Today’s Big Question is one that Audiologists and other Hearing Healthcare Professionals get asked on a daily basis. It’s a tough one, because of many variables, but there is a general rule of thumb that we follow when giving patients this advice.
There are four size of hearing aid battery. From smallest to largest, they are size 10, size 312, size 13 and size 675. The bigger the battery, the longer the battery life, but to accomodate the bigger battery the hearing aid gets bigger too. Let’s talk about the different sizes. Remember that hearing aids are designed to only work with their required battery size, so knowing your size is important!
Size 10 hearing aid batteries are the smallest hearing aid batteries. You will always see yellow somewhere on the pack, and usually on the battery stickers. For a while these were only used for the smallest in-the-ear hearing aids, but now they are commonly used for the smallest and most discrete behind-the-ear and receiver-in-the-canal hearing aids. Because they are really small, they don’t last very long. With standard use (10 hours per day, no audio streaming, standard receiver size) we only expect around 5 days per battery. If you have a power receiver or if you use the aid for streaming sound from your TV or phone, you should only expect 2-3 days.
At the moment, size 312 is our most common hearing aid battery. It’s small enough that the hearing aid can still be petite, but big enough to rationally power audio streaming and features like Direct to iPhone without requiring almost daily changes. You will always see the colour brown on the battery pack and usually on the stickers. Traditionally we always expected 7-10 days of battery life from a 312 battery. However, with the introduction of Made for iPhone and more and more direct streaming, you might only get 5-7 days, depending on your usage and the receiver strength in the hearing aid.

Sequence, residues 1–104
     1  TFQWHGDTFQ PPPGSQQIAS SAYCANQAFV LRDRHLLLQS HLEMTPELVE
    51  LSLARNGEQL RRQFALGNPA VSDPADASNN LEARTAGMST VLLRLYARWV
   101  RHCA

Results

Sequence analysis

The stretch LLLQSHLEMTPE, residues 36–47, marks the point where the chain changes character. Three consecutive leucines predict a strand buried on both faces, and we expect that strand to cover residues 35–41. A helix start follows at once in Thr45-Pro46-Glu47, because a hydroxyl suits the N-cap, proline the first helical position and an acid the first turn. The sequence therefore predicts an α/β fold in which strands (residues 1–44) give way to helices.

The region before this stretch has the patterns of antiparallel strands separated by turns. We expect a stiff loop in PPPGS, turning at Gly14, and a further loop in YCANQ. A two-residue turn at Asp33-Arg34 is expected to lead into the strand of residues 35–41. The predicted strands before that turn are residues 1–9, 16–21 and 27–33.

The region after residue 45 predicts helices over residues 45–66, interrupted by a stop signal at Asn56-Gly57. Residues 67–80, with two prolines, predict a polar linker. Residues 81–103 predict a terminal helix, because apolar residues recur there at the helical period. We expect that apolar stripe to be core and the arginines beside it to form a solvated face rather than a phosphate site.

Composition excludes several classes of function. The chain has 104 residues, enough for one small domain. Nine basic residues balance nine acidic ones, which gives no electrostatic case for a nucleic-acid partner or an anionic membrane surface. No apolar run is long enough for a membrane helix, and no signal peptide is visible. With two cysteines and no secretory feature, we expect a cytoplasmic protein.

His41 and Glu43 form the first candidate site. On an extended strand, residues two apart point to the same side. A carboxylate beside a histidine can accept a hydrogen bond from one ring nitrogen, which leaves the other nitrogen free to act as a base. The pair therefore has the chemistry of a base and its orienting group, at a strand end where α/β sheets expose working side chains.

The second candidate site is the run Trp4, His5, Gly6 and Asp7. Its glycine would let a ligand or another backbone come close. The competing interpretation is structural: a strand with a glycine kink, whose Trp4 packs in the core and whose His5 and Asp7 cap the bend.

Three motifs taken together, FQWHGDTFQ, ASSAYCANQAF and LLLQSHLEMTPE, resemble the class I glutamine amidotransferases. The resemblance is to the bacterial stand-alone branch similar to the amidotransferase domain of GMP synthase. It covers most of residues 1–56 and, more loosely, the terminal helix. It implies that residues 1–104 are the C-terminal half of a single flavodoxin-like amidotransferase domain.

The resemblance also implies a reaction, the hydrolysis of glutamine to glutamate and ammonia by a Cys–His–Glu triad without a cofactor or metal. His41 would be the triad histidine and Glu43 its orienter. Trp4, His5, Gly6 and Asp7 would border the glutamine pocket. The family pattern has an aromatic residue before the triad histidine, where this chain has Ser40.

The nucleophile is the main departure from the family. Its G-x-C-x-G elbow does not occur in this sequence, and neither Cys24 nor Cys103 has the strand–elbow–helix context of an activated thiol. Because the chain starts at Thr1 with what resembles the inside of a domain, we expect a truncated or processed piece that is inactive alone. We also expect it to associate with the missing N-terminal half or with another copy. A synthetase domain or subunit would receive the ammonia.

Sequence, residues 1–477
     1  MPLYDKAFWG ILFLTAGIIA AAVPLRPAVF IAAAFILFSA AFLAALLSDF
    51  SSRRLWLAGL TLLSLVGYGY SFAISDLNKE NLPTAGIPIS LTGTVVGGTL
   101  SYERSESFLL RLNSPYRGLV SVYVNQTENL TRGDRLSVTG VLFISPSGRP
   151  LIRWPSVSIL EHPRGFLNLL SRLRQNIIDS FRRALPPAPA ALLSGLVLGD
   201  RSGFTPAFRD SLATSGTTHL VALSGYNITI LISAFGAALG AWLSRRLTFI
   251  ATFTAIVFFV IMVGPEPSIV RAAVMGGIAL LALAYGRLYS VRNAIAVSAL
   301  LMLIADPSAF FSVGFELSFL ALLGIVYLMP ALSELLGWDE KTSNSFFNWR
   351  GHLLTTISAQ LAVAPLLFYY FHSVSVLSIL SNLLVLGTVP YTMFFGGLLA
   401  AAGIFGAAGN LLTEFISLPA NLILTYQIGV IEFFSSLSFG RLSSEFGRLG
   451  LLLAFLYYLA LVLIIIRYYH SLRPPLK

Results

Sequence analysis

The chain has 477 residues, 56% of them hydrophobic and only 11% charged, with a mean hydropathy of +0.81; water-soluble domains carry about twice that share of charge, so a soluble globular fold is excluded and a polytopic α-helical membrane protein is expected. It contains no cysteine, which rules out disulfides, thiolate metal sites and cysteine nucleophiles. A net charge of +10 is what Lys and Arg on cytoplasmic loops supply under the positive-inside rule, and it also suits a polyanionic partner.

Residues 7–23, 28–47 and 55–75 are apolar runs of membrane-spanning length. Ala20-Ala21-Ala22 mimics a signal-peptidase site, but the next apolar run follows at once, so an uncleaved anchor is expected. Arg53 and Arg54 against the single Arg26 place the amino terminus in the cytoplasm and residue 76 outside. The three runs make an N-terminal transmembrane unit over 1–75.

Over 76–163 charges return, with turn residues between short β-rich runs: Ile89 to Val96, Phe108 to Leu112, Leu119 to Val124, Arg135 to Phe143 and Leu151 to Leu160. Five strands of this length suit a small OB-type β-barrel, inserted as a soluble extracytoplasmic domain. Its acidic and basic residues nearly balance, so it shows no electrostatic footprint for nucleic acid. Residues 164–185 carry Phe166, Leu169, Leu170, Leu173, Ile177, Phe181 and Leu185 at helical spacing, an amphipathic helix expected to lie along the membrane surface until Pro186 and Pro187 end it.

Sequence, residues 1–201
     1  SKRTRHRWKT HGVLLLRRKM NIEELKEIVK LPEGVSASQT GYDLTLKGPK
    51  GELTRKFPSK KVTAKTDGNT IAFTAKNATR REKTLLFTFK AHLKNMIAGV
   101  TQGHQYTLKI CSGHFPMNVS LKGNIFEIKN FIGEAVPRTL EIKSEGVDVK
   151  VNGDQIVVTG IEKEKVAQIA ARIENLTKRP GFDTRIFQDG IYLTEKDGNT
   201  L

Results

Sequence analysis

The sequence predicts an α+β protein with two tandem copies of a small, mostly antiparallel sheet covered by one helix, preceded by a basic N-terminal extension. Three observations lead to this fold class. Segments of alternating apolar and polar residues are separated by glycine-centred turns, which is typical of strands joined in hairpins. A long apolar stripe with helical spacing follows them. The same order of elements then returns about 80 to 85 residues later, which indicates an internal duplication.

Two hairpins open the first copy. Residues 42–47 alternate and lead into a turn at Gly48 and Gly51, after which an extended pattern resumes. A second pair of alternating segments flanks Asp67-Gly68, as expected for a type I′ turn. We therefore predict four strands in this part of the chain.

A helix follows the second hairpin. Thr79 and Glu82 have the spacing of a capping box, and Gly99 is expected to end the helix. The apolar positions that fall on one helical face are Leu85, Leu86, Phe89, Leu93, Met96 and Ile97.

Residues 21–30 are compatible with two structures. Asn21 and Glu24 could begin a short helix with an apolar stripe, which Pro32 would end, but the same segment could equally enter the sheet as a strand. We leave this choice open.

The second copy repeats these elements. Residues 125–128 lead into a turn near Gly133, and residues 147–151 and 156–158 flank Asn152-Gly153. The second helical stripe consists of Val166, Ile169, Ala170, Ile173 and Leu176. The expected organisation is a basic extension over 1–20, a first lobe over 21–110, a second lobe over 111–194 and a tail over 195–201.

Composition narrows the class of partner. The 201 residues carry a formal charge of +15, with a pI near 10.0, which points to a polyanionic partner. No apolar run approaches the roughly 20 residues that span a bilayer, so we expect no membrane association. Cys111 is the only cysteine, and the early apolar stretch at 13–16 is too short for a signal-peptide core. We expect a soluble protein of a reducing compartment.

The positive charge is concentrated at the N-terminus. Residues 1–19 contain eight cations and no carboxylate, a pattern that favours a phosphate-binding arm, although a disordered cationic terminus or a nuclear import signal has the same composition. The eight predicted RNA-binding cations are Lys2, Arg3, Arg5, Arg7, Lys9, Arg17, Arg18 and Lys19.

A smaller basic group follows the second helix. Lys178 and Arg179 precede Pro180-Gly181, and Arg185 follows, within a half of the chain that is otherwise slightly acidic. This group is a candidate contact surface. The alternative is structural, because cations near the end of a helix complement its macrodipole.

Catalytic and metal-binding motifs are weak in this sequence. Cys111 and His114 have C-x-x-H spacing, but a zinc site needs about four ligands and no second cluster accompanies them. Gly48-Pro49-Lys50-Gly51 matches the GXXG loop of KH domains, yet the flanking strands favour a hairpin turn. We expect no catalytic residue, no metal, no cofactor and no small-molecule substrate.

Size 13 batteries have been around for a long time, and are popular because they last that little bit longer. These ones will have orange on the pack and stickers. Again, the battery life varies based on your usage, the use of streaming functions, and receiver strength. But you should expect 10-14 days from a 13 battery most of the time. These batteries are also a little fatter and easier to handle for unsteady hands.
675 batteries were once very common, but now they are mostly only used for the most powerful hearing aids and some cochlear implants. You will always see blue on their packs and stickers. Although they look much bigger than the others, because they are used in power devices the battery life isn’t much longer. I would expect 2-3 weeks from a 675 battery in a power hearing aid.
BONUS TIP: Rechargeable hearing aids:
Hearing aid companies have been trying to crack rechargeable hearing aids for years, with varying degrees of success. In the past year, a few of the companies have come up with solutions that seem promising, allowing for an overnight charge and a promised full day of use on a single charge. Some of these batteries are built in to the hearing aids, and some or removable, which would allow you to switch to a normal consumable battery in a pinch. We are expecting launches of rechargeable options from two of our top six hearing aid companies in the next few months. Once they are all out, we will share a post comparing the different options available- so watch this space!
Remember that battery life can be affected by lots of different things, but if you feel that your batteries are not lasting as long as they should be, it’s best to chat to your Audiologist. Hearing aids that are old, or overdue for a service, might have increased battery consumption, or you may have features that are high battery users that you aren’t aware on. Also remember to always purchase hearing aid batteries from a reputable source and check the expiration date before you buy them, as old or poorly made batteries can damage the internal workings of your hearing aid.
Any tips or experiences to share? Post them and any questions below.